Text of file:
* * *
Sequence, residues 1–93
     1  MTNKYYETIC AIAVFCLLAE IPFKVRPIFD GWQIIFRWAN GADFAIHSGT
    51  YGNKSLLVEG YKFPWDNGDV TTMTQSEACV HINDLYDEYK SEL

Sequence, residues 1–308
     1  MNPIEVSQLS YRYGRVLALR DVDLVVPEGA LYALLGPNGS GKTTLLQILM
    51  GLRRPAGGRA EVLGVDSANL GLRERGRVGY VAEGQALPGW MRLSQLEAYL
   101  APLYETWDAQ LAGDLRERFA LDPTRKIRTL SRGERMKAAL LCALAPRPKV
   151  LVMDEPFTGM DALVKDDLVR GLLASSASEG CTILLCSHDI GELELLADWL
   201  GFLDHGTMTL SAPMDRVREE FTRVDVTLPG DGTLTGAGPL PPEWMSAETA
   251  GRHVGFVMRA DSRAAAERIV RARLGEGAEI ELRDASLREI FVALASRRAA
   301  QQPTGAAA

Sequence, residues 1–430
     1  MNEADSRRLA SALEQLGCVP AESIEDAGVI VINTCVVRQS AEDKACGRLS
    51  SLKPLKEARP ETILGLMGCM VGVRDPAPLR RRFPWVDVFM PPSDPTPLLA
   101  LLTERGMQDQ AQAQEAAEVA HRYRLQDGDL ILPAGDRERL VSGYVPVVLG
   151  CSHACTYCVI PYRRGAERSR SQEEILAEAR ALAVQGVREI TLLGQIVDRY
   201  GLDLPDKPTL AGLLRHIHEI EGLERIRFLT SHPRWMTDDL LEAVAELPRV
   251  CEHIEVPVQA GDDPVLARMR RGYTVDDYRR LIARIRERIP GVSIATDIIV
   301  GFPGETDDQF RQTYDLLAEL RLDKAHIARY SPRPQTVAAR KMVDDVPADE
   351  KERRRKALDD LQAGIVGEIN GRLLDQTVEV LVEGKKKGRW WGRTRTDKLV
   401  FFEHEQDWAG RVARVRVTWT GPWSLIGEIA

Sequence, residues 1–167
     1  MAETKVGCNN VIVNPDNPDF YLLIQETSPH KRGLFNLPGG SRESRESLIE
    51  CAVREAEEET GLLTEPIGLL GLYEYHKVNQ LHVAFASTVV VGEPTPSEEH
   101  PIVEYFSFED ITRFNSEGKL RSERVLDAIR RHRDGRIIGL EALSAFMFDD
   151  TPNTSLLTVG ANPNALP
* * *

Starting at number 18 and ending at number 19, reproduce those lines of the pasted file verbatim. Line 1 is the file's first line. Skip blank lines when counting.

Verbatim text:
   251  CEHIEVPVQA GDDPVLARMR RGYTVDDYRR LIARIRERIP GVSIATDIIV
   301  GFPGETDDQF RQTYDLLAEL RLDKAHIARY SPRPQTVAAR KMVDDVPADE